- If you don’t like earbuds, SleepPhones are designed to use while falling asleep. These won’t work for me because I need the noise-canceling or -blocking ability of earbuds to fall asleep, but they may work for you.
- Experiment with setting the sleep timer on Audible at different durations to determine how long it takes you to fall asleep. Start with 30 minutes or 60 minutes and move up or down from there. If I don’t remember the next morning what was happening in the story when I fell asleep, and I don’t remember waking up to audio still on, I know I’ve hit the sweet spot. These days, that means setting the Audible sleep timer to 60 minutes. However, some people need to have the audio on all night to stay asleep–if that’s you, setting the sleep timer to 8 hours might be a good way to coax yourself asleep in the morning.
- Experiment with stories you are familiar with versus those you’ve never listened to–one or the other might work better for. Or try one of the classics–you might know the ending, but the particulars will still be interesting enough to listen to.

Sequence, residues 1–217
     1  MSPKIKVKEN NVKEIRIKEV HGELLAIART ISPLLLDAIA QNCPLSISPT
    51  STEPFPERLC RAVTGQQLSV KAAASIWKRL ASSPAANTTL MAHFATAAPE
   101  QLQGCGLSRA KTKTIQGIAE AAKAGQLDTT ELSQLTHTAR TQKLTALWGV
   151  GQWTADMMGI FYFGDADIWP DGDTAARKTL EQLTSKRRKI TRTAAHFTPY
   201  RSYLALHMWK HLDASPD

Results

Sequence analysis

- Until you have a better sense of what narrators and qualities help you fall asleep, aim for books with single narrators (as opposed to dramatized versions with larger casts, music, or other dramatic effects that can prove distracting).
- If you are a very light sleeper and it helps to sleep with white noise, the Relaxio White Noise Generator app for Android will play a variety of ambient noises underneath other audio, like Audible. I turn on the “fan” sound on before I start my bedtime story for the night. I keep the sleep timer in Relaxio set for 8 hours–the white noise fading out in the morning acts as a gentle alarm clock.
- If you share bedtime with a spouse, initiate conversation before putting earbuds in. You might not hear anything they say after you start the audiobook, and that way your spouse won’t feel like you’re constantly shutting them out at bedtime.